Rsearchers and students have to be trained with morality in mind when considering the implications of their research, says Douglas Teoh.
In his article on The Malaysian Insider, Professor Krishnan rearticulated in contemporary form, the arguments of Flexner, who regards curiosity and “the freeing of the human spirit” as the crucial traits for researchers.
The entire premise hinges on one notion: that passionate, purely interest-driven research can lead to unexpected massively beneficial outcomes. As such, we need to encourage curiosity and creativity to the fullest!
Indeed, there were many citable research studies with purely unintended consequences; however, Professor Krishnan’s optimistic piece conveniently neglects a major issue, which I hope to elucidate through this short essay.
Creative research output as an end-in-itself
Perhaps the most troublesome idea which Krishnan talks about has to do with creative research output as an end-in-itself. This is similar to the idea advanced by aesthetes like Wilde, that art whose singular function – is to be art. Outside the realm of the arts, though, is it actually wise to advocate such a viewpoint?
In his debate against Foucault, Chomsky proposes that it is actually part of human nature to be creative. People have a genuine capacity, indeed, even genuine need to be creative. Perhaps we can even surmise here that to be creative is to be human.
But there’s something problematic about this notion which can be illustrated by using an example: Psychology graduates are taught the Stanford prison experiment as a permanent part of the course . While one is drawn to the immense benefits of the research to the advancement of psychology, we are forced to reconsider how much creative licensce a researcher should be allowed to hold. Zimbardo’s purely curious expectations started the research, and his twisted fascination of its development permitted the abuse to continue for five days.
In short, the creative may become destructive if left unchecked. A good illustration would be the case of Victor Frankenstein, the scientist in the eponymous novel written by Mary Shelley. Victor’s zeal to learn the ‘secrets of heaven and earth’ led him to experiment and eventually create his monster. Horrified by what he felt he could not handle, his abandonment of his ‘project’ eventually led to the deaths of many.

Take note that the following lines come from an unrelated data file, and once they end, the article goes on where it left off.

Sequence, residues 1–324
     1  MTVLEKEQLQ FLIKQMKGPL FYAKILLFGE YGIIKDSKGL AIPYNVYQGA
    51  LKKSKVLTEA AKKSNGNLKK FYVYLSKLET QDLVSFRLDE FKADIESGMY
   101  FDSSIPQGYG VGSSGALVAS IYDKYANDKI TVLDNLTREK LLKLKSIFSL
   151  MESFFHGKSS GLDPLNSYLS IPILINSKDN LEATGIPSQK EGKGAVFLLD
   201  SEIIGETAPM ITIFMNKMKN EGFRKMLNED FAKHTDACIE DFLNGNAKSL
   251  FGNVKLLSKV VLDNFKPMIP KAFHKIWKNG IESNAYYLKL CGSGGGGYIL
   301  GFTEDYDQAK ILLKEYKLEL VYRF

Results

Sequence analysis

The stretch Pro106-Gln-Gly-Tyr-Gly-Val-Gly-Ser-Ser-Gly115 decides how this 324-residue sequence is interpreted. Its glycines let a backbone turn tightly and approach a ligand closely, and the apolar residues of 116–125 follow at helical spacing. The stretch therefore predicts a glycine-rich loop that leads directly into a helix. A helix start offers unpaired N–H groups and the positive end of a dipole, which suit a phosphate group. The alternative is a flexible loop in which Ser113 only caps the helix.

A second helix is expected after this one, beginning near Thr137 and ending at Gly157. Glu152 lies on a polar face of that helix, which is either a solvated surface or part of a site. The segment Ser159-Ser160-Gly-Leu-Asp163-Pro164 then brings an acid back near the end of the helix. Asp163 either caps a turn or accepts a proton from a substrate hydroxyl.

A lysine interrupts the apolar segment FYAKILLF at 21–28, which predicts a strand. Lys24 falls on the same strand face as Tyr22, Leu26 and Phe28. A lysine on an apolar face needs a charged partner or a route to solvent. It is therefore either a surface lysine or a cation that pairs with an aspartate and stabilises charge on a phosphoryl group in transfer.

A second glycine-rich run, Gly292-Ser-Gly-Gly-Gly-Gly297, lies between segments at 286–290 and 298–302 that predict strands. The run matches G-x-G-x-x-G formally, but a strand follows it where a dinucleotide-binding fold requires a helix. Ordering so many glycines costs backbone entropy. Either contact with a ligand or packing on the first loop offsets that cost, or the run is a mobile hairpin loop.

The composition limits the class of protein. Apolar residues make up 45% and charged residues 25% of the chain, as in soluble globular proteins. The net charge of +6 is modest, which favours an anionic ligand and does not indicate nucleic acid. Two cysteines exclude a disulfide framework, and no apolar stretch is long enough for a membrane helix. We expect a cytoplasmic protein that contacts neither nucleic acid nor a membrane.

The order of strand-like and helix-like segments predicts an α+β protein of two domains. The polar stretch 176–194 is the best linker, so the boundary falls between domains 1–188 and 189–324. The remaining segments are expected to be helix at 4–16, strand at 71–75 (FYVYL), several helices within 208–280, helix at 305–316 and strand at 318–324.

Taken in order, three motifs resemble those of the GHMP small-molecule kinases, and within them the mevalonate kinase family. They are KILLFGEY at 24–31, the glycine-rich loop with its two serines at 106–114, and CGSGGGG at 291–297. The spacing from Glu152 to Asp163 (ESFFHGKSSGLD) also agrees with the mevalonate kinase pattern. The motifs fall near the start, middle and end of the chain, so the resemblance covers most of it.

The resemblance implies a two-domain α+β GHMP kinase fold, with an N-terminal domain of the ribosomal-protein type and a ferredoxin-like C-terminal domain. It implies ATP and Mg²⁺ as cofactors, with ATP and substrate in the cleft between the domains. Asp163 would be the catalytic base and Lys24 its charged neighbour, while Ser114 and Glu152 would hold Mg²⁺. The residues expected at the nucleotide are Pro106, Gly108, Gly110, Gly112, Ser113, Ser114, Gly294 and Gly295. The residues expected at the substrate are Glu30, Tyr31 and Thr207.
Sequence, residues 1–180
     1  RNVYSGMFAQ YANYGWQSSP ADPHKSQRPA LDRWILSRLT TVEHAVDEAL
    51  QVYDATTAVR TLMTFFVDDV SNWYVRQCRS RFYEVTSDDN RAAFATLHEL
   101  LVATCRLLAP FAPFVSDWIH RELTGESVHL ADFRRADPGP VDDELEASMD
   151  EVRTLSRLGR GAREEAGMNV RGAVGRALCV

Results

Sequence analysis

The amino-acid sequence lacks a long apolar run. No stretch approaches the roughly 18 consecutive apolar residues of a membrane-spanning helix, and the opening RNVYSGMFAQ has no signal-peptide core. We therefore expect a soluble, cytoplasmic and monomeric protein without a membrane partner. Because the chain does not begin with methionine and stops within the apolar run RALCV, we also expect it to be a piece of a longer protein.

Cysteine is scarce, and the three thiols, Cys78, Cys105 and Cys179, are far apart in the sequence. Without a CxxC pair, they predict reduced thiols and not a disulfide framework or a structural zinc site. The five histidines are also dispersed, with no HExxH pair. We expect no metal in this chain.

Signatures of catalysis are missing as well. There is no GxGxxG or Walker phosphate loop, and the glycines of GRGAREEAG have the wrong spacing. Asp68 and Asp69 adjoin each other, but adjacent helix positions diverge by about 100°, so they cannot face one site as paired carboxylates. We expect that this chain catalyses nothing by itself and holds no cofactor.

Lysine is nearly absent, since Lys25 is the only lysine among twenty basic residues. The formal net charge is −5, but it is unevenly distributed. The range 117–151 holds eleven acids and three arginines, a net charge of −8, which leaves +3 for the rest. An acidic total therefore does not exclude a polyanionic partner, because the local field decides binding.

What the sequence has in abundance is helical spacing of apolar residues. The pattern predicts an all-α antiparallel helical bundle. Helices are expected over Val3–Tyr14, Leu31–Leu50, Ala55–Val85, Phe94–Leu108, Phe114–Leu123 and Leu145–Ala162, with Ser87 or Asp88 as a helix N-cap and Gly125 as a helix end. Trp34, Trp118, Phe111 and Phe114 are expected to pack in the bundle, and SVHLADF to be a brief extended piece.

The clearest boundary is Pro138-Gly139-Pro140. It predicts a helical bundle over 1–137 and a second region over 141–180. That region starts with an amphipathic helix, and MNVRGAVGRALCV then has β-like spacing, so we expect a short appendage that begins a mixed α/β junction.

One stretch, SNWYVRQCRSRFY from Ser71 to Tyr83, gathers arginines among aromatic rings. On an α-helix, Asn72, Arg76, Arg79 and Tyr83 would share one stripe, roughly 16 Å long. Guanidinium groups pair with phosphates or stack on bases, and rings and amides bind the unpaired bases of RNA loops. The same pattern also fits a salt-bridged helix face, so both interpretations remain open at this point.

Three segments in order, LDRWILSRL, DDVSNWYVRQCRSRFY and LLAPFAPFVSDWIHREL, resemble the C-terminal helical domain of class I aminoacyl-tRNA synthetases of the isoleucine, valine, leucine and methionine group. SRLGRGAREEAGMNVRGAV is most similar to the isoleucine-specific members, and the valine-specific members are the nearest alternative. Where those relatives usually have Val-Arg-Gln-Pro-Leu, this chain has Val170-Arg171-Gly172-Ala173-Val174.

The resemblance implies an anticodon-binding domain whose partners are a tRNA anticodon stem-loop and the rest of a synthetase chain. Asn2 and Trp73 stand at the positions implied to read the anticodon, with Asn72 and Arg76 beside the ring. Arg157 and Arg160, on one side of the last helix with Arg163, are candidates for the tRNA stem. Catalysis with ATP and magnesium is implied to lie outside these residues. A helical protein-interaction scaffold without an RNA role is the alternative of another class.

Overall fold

Ethics and morality as a guidance framework
As a psychology graduate, ethical considerations in research are especially salient to me – we are taught to consider potential outcomes (pros versus cons) of doing a certain research, as we involve actual human beings. If we are fascinated about the effects of rape on victims, we cannot subject someone to a rape simply so we can study it.
Neither can we approach victims and ask how they felt about being raped – especially since traumatic wounds may reopen. Thus we’re constantly forced to weigh: is the benefit of knowing how rape affects human beings enough to justify hurting these people again?
Perhaps the counterargument here may be that of the hard sciences – most of what was cited by Flexner and Krishnan are those who made breakthroughs in physics, chemistry and biology. Surely the hard sciences do not need to follow such stringent ethical rules? I beg to differ – if it is true that unexpected findings in the hard sciences can have unintended good benefits, surely it must logically follow that the unexpected findings can also have unintended negative consequences.
In an attempt to transmute creativity into something more productive then, we need to necessarily impose some restrictions. In this case, Chomsky’s proposition makes sense. We need to be guided by some fundamental moral principles as a framework, for example, of Justice and Beneficence. Doing research for the sake of research may have destructive consequences, and thinking about the practical implications (thinking about how research can help humanity) is a crucial part of the process to ensure this does not happen.
Thus, researchers and students (whom I consider to be researchers-in-training) have to be trained with morality in mind. In any attempted research, the university is obliged to help them reconsider what type of results they hope to achieve, and what implications there might be. It would be better if they can also surmise what negative implications can arise and how best they can avoid misuse of their theories/findings in an exploitative manner.
In fact, this is by no means a difficult problem. In addition to the necessary parts of a research process, a researcher need only ask these two questions: “What benefits can I bring to society with this knowledge I discovered?” and “What are the negative effects that might arise from my release of this knowledge?”
Asking the two questions above is, I believe, a moral imperative for creative researchers. We always hear a cliché quote when we tell people to study hard, and that applies strongly here: “Knowledge is power”. But, to quote Uncle Ben from Spiderman: “With great power comes great responsibility.” To isolate knowledge from responsibility, then, would be a great misuse of power.
Note: The Stanford prison experiment, where 24 bright university students (mentally sound and physically healthy with no criminal records) were selected to role-play a prison situation, either as a prisoner or a guard. The results were shocking: the prisoner and the guards completely internalised and settled into their roles, and role-play ceased being a “play”.
The guards took their responsibilities very seriously and prisoners were degraded – forced to undress and having “rights” removed upon disobedience (i.e. mattresses, the use of sanitation bucket, their own cell). Indeed, in a more twisted manner, these methods of punishing can also be said to be a “creative” exploration of the prison guards in pushing boundaries.